Analytical procedure
1. 2.00 grams sample are weighed into the vessels. 2. 10.0 mLs of caustic soda (145 g/L) is added to the vessel. 3. A stir bar is added. 4. Vessels are closed and then weighed.

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Application Note
Available Aluminia % Reactive Silica % Outer 31.0 31.2 31.2 31.2 30.8 31.1 Inner 1.4 1.5 1.6 1.8 1.6 1.6 Middle 1.7 1.3 1.3 1.5 1.5 1.5 Outer 1.4 1.5 1.5 1.7 1.6 1.5

5. The loaded rotor is placed in the oven and the following digestion profile is used. Program:
Temp [C] Ramp [min] Hold [min] Fan

Sample 1-1 1-2 1-3 1-4 1-5 Average

Inner 31.4 31.2 31.2 30.8 31.4 31.2

Middle 31.0 31.2 31.0 31.4 31.4 31.2

1 2

175 0

30:00 0

30:00 15:00

1 3

Stirrer setting 2 is used through the whole process. 6. After digestion the vessels are again weighed to monitor any weight loss caused by vessel leakage. The vessel contents are diluted to 500 mL with water and mixed. A 10 mL portion is removed for determination of aluminium by direct aspiration to an ICP-AES instrument. Available Alumina is expressed as a percentage of Al2O3 in the sample. 7. The remaining solution (from the 500 mL diluent) is then acidified with 10.0 mLs of hydrochloric acid and mixed. Acidification re-dissolves the sodium aluminium silicate that has precipitated. This solution is sub-sampled and silicon concentration is determined by direct aspiration into an ICP-AES instrument. Reactive Silica is expressed as a percentage of SiO2 in the sample. 8. For both ICP determinations, the instrument is calibrated against synthetically prepared standard solutions. Calibration solutions for Available Alumina range from the equivalent of 10% Available Alumina (Al2O3) in the sample through to 60% and are prepared in a matrix equivalent to the sample solutions. Calibration solutions for Reactive Silica range from the equivalent of 1% Reactive Silica (SiO2) in the sample through to 30% and are also prepared in a matrix equivalent to the samples.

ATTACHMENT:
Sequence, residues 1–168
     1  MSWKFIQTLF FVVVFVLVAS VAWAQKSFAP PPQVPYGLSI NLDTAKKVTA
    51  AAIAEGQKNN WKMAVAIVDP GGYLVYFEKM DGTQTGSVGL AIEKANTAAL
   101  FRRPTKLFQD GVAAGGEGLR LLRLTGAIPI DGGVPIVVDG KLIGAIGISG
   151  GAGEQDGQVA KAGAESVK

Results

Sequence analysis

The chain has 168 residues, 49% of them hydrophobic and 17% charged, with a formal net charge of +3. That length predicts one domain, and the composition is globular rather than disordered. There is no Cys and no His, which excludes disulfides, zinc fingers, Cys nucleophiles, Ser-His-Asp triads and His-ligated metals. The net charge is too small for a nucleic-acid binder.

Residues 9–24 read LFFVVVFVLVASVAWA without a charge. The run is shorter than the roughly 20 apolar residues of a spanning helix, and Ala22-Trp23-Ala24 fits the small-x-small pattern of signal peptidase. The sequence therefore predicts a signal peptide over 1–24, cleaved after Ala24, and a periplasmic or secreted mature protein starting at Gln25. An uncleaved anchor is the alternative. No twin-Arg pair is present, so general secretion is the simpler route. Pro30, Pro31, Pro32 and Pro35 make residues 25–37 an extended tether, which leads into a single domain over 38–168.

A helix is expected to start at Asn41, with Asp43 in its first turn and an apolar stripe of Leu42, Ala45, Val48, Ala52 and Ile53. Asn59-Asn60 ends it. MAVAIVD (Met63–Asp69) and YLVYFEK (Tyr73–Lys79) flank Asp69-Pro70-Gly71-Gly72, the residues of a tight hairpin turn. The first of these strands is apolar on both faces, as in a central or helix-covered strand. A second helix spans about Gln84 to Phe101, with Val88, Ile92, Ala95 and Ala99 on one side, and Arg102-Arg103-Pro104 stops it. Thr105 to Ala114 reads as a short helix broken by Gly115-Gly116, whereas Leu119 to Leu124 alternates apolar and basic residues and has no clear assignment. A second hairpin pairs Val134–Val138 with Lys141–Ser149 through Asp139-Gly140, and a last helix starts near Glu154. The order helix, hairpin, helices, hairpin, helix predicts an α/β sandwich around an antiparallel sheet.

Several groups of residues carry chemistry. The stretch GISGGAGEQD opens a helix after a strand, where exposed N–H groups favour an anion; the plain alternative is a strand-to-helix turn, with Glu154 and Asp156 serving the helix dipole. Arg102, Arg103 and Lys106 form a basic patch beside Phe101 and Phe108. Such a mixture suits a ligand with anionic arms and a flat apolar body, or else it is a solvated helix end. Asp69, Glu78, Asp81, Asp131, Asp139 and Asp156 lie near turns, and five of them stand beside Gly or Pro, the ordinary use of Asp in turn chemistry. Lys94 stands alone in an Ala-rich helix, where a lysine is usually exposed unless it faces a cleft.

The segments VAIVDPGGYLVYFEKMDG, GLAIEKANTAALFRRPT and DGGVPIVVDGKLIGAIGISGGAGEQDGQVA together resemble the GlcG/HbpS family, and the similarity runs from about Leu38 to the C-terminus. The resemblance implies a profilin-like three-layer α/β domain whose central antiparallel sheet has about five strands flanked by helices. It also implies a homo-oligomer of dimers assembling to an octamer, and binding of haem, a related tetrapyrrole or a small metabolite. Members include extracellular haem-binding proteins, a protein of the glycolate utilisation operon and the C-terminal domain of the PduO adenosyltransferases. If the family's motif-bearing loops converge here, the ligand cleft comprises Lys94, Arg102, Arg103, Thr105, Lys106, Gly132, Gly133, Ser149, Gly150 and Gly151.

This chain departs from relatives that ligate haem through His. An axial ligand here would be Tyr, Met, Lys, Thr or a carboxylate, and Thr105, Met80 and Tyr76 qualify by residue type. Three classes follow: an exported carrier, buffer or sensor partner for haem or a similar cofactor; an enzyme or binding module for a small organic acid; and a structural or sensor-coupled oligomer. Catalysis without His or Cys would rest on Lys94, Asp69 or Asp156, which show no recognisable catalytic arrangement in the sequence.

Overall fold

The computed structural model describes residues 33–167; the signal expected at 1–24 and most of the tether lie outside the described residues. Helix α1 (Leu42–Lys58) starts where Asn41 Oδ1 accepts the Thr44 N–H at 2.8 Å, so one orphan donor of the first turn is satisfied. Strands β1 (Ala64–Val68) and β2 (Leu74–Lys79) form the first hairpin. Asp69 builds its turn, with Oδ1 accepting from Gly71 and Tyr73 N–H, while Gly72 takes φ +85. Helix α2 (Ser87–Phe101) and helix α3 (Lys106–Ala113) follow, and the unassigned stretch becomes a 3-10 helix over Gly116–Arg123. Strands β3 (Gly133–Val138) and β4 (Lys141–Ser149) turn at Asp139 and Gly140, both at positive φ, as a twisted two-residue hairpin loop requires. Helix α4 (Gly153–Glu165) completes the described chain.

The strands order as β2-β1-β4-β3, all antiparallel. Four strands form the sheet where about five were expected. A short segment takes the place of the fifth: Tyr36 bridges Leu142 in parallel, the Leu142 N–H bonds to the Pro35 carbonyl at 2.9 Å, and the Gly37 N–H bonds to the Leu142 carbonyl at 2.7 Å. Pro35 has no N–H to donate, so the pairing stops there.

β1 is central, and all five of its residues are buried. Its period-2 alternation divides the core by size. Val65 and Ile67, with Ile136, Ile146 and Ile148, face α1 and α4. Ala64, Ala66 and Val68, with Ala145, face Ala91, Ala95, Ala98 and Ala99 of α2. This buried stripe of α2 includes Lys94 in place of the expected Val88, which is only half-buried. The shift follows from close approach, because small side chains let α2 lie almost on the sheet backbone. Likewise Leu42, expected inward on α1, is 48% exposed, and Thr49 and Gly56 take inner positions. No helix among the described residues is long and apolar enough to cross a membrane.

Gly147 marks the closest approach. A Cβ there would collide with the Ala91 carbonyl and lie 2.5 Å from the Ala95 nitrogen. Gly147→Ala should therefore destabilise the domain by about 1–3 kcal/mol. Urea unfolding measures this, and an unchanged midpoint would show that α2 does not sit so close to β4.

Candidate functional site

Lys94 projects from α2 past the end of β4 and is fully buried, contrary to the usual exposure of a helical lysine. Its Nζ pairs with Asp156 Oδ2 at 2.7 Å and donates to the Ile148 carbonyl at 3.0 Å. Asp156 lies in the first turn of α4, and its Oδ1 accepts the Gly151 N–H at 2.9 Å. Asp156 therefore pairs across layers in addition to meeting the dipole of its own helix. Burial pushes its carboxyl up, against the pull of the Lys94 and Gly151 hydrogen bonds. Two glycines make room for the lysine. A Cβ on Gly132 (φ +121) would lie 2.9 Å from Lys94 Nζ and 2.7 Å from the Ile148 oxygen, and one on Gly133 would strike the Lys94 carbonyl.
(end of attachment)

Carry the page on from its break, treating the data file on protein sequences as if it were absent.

2-1 2-2 2-3 2-4 2-5 Average

27.8 27.8 27.8 28.3 28.1 28.0

28.1 27.4 28.0 27.4 27.0 27.6

29.3 28.1 28.1 27.8 28.7 28.4

1.8 1.7 1.7 1.8 1.8 1.8

1.7 1.7 1.6 1.6 1.6 1.6

1.9 1.6 1.7 1.7 1.8 1.7

3-1 3-2 3-3 3-4 3-5 Average

25.1 24.9 25.1 24.7 24.9 24.9

24.7 24.9 24.9 24.6 24.4 24.7

24.7 24.2 24.6 24.2 24.6 24.5

5.7 5.6 5.8 5.8 5.8 5.7

5.7 5.7 5.7 5.7 5.7 5.7

5.8 5.9 5.8 5.9 5.8 5.8

Microwave heating of samples for this digestion process has proved to be highly reproducible and excellent analytical precision has been achieved. The Anton Paar vessels have been found to be easy to use and they do not leak when properly used and maintained. Although the reported data is a relatively small data set, there does not appear to be any significant difference in heating or other digestion conditions between the outer, middle and inner circle of the 48 position rotor.

Each sample has been analysed 5 times in the inner, middle and outer circle of the rotor. In all cases, the loss in weight before and after digestion was less than 0.1 grams indicating there was no significant leakage in all of these tests.

Ultra Trace Analytical Laboratories, Australia
Anton Paar High-precision Instruments Tel.: +43 (0)316 257-0 E-mail: B83IA43A Page 2 of 2